Collaborating Authors

Joint Visual-Textual Embedding for Multimodal Style Search Machine Learning

We introduce a multimodal visual-textual search refinement method for fashion garments. Existing search engines do not enable intuitive, interactive, refinement of retrieved results based on the properties of a particular product. We propose a method to retrieve similar items, based on a query item image and textual refinement properties. We believe this method can be leveraged to solve many real-life customer scenarios, in which a similar item in a different color, pattern, length or style is desired. We employ a joint embedding training scheme in which product images and their catalog textual metadata are mapped closely in a shared space. This joint visual-textual embedding space enables manipulating catalog images semantically, based on textual refinement requirements. We propose a new training objective function, Mini-Batch Match Retrieval, and demonstrate its superiority over the commonly used triplet loss. Additionally, we demonstrate the feasibility of adding an attribute extraction module, trained on the same catalog data, and demonstrate how to integrate it within the multimodal search to boost its performance. We introduce an evaluation protocol with an associated benchmark, and compare several approaches.

Medical Multimodal Classifiers Under Scarce Data Condition Machine Learning

Data is one of the essential ingredients to power deep learning research. Small datasets, especially specific to medical institutes, bring challenges to deep learning training stage. This work aims to develop a practical deep multimodal that can classify patients into abnormal and normal categories accurately as well as assist radiologists to detect visual and textual anomalies by locating areas of interest. The detection of the anomalies is achieved through a novel technique which extends the integrated gradients methodology with an unsupervised clustering algorithm. This technique also introduces a tuning parameter which trades off true positive signals to denoise false positive signals in the detection process. To overcome the challenges of the small training dataset which only has 3K frontal X-ray images and medical reports in pairs, we have adopted transfer learning for the multimodal which concatenates the layers of image and text submodels. The image submodel was trained on the vast ChestX-ray14 dataset, while the text submodel transferred a pertained word embedding layer from a hospital-specific corpus. Experimental results show that our multimodal improves the accuracy of the classification by 4% and 7% on average of 50 epochs, compared to the individual text and image model, respectively.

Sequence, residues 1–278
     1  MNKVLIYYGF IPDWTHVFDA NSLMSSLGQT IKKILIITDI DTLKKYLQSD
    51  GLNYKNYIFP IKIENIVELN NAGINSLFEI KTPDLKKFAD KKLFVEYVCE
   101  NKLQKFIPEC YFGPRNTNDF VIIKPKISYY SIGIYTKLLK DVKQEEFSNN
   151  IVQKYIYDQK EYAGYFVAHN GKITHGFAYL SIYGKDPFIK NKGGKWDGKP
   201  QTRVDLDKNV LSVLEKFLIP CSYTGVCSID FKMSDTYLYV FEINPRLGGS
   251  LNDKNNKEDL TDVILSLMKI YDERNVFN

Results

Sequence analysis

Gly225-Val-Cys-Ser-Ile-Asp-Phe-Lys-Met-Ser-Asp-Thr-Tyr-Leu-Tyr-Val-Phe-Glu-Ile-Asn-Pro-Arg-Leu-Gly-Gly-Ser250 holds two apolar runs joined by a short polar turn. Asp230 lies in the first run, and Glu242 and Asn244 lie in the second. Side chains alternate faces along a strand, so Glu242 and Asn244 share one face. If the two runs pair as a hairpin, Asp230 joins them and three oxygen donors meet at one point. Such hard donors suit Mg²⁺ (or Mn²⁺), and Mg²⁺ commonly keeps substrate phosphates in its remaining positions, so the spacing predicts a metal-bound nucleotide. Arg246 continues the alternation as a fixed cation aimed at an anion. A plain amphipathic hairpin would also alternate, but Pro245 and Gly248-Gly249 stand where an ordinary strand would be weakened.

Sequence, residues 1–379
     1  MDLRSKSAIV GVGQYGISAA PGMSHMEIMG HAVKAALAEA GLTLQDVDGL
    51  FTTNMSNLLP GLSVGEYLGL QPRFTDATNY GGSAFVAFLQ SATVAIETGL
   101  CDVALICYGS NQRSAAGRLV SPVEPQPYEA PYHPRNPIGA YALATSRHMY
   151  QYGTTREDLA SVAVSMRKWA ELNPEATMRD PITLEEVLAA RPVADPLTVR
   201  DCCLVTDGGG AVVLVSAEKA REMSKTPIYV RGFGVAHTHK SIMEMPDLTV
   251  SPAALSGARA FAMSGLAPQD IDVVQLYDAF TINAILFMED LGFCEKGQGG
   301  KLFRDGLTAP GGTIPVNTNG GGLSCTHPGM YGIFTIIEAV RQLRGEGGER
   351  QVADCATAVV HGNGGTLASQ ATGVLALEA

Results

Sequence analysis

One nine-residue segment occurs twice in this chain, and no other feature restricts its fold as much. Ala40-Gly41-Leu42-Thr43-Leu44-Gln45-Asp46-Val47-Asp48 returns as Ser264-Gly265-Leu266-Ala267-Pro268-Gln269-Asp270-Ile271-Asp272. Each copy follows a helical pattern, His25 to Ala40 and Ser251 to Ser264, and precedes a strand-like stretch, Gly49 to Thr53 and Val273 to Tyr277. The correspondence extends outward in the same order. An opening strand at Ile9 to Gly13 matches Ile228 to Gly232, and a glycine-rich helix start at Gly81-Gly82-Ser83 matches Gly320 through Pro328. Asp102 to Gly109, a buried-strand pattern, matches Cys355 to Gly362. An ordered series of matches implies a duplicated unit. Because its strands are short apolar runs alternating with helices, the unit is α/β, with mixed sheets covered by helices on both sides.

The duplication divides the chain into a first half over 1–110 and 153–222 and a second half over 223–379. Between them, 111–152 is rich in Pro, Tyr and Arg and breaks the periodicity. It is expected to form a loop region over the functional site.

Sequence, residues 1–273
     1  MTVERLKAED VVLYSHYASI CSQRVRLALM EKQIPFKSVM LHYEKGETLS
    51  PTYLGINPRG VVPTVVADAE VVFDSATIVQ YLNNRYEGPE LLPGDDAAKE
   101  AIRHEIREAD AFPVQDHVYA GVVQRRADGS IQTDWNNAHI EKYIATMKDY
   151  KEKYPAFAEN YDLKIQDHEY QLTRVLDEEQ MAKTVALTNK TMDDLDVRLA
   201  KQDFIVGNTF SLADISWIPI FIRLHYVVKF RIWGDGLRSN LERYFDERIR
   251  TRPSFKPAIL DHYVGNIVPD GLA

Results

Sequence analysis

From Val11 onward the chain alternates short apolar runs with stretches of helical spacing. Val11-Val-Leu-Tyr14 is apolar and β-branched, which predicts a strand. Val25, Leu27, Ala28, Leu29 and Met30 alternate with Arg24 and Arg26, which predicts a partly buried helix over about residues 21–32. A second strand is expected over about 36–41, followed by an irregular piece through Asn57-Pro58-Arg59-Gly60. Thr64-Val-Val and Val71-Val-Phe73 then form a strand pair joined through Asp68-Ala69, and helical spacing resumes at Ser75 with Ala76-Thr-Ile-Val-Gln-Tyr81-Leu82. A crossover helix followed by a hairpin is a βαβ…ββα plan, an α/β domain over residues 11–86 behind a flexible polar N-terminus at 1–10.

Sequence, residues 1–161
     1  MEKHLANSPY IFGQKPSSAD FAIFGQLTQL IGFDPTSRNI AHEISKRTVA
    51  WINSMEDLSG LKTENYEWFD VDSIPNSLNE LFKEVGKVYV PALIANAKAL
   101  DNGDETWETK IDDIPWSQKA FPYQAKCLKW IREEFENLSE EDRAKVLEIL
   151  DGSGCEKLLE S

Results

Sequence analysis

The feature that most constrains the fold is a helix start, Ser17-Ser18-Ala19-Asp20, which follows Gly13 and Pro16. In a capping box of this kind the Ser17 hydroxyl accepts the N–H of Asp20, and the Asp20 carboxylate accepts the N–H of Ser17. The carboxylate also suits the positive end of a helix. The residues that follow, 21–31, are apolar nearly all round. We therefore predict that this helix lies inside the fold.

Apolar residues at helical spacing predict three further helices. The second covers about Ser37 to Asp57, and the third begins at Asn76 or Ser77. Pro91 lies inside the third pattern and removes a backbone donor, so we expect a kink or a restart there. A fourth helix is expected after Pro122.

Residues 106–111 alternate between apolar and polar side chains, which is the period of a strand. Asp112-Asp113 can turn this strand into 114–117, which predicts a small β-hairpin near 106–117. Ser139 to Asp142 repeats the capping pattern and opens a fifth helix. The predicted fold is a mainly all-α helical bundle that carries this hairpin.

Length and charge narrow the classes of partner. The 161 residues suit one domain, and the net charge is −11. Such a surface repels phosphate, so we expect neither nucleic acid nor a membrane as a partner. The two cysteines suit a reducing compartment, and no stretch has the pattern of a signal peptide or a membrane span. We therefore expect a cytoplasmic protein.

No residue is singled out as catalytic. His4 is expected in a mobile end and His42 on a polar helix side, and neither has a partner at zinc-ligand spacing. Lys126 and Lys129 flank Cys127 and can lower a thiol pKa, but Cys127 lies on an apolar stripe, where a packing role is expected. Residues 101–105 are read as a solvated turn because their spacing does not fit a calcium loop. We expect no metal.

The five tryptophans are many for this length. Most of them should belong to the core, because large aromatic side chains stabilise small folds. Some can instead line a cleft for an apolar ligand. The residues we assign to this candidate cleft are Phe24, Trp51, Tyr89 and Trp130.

Sentiment Classification using Images and Label Embeddings Machine Learning

In this project we analysed how much semantic information images carry, and how much value image data can add to sentiment analysis of the text associated with the images. To better understand the contribution from images, we compared models which only made use of image data, models which only made use of text data, and models which combined both data types. We also analysed if this approach could help sentiment classifiers generalize to unknown sentiments.

Graph-RISE: Graph-Regularized Image Semantic Embedding Machine Learning

Learning image representations to capture fine-grained semantics has been a challenging and important task enabling many applications such as image search and clustering. In this paper, we present Graph-Regularized Image Semantic Embedding (Graph-RISE), a large-scale neural graph learning framework that allows us to train embeddings to discriminate an unprecedented O(40M) ultra-fine-grained semantic labels. Graph-RISE outperforms state-of-the-art image embedding algorithms on several evaluation tasks, including image classification and triplet ranking. We provide case studies to demonstrate that, qualitatively, image retrieval based on Graph-RISE effectively captures semantics and, compared to the state-of-the-art, differentiates nuances at levels that are closer to human-perception.